The Washington PostDemocracy Dies in Darkness

Opinion The debacle in Afghanistan is the worst kind: Avoidable

President Biden prepares to deliver remarks on Afghanistan in the East Room of the White House on Aug. 16. (Shawn Thew/EPA-EFA/Shutterstock)

President Biden’s blunders in what is — suddenly — a Taliban-dominated Afghanistan may be measured in many ways. One is by searching the sorriest episodes of U.S. foreign policy history for an analogy. Former defense secretary and former CIA director Leon E. Panetta drew a comparison with the Bay of Pigs, the 1961 U.S. attempt to overthrow Cuba’s Fidel Castro, which ended with hundreds of CIA-backed invaders killed or captured after President John F. Kennedy denied them air cover.

Another parallel: the desperate plight of U.S. allies at the fall of South Vietnam in April 1975. Images of Afghans, terrified of Taliban rule, clinging to a departing U.S. military aircraft — some fell to their deaths — are indeed reminiscent of the last days in Saigon. Imagine how desperate a person must be to risk piggybacking on a moving airplane; such is the betrayal of the trust so many Afghans placed in the United States.

Worse, this was avoidable. Conventional military triumph was not in the cards in Afghanistan, as Mr. Biden forcefully insisted in a speech to the nation Monday, in which he blamed his predecessors and Afghanistan’s political leaders for failures that set the stage for today’s disaster. Contrary to his and others’ cliches about “endless war,” though, U.S. troops had not been in major ground operations, and had endured very modest casualties, since 2014. Mr. Biden statically measures the dollar costs of staying in Afghanistan. Yet there will be costs, potentially high ones, attached to a botched withdrawal, too. A small U.S. and allied military presence — capable of working with Afghan forces to deny power to the Taliban and its al-Qaeda terrorist allies, while diplomats and nongovernmental organizations nurtured a fledgling civil society — not only would have been affordable but also could have paid for itself in U.S. security and global credibility.

Mr. Biden might have renegotiated the withdrawal deal his predecessor, Donald Trump, cut with the Taliban. Certainly the Taliban’s repeated violations of that pact gave Mr. Biden a legitimate reason for doing so. A regional diplomatic push for a more sustainable political deal was outlined in February by the congressionally authorized Afghanistan Study Group.

But even if you reject all of these arguments — as Mr. Biden did, claiming any presence would have led to more combat for U.S. troops — the pullout need not have degenerated into catastrophic spectacle. He could have planned to leave maintenance contractors, who kept the Afghan military’s medevac helicopters and other crucial aircraft in flying shape, knowing that air support was critical to that army’s ability and willingness to fight. He could have foreseen the need to maintain some presence until Americans and allies had left the country.

In short, the president could have listened to the many seasoned hands — inside and outside his own administration — who advised him that there were alternatives to precipitous, unconditional withdrawal. Mr. Biden instead set an arbitrary deadline — Aug. 31 — for a full U.S. pullout. Yes, the Afghan military’s demoralization and failure to fight came as a rude disappointment, as the president emphasized, but it’s fair to ask why, if he was sure the cause was lost, their quick surrender came as such a surprise to him. The blame-shifting is especially unseemly given that some 66,000 Afghan fighters have given their lives in this war during the past 20 years, alongside 2,448 U.S. service members.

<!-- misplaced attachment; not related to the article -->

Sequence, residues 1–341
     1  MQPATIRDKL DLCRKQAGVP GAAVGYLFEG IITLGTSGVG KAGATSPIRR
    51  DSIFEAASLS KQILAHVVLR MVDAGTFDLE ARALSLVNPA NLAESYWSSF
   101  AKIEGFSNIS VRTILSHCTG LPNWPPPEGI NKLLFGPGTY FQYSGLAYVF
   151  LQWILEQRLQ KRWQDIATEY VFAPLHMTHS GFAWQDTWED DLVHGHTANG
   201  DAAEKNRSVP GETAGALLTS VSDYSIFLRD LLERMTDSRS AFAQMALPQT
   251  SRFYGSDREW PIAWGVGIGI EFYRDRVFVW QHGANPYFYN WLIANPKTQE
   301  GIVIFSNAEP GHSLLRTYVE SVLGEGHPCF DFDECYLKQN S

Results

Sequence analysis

Mr. Biden said he stands by his decision, and takes responsibility. Well and good: He must now turn his attention to limiting the damage — starting with the obligation the United States owes to those Afghans who trusted America’s commitment to their country and staked their personal futures on it. The analogy here is from British history: It is a “Dunkirk moment,” as a 40-member group of House members warned in a letter to the president Aug. 13. There are not only thousands of former translators and others who worked directly for the U.S. military and civilian agencies, and their families; there are also the many others — “Priority 2” personnel, in State Department parlance — who supported the broader U.S. and NATO-led project for the country: development workers, journalists, women’s activists and their families. Mr. Biden demanded that the Taliban allow U.S. troops to take Americans and Afghans out, and he must make maximum use of the United States’ modest remaining leverage to back that up. The sad fact, though, is that the administration’s shocking failure to plan for this contingency has left all of these people — along with an unknown number of Americans now “sheltering in place” at State Department instruction — potentially at the mercy of the Taliban.

Mr. Biden pledged as well a robust effort on what he described as the United States’ only vital interest in Afghanistan: preventing renewed terrorist strikes from bases in that country. This can be done, he said, “over the horizon,” from bases in the greater Middle East — but, if so, it will be without the benefit of the intelligence and other capabilities based in Afghanistan that the United States has just abandoned.

The point of leaving Kabul is to save resources that may now be devoted to geopolitical struggles with Russia and China, Mr. Biden argued. Supposedly these rivals would have been delighted to see U.S. forces tied down indefinitely in Afghanistan. Maybe so; but then it is hard to imagine that they are not delighted today, as U.S. allies in Europe and Asia are dismayed, at the incompetent handling of the withdrawal.